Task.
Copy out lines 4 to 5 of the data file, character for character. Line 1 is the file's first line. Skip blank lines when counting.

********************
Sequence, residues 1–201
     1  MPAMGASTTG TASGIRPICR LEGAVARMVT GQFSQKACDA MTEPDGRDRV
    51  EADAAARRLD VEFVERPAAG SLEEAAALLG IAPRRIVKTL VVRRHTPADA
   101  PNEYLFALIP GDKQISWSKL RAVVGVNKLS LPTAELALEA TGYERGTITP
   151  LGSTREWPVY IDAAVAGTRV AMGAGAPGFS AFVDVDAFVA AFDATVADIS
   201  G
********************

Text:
   101  PNEYLFALIP GDKQISWSKL RAVVGVNKLS LPTAELALEA TGYERGTITP
   151  LGSTREWPVY IDAAVAGTRV AMGAGAPGFS AFVDVDAFVA AFDATVADIS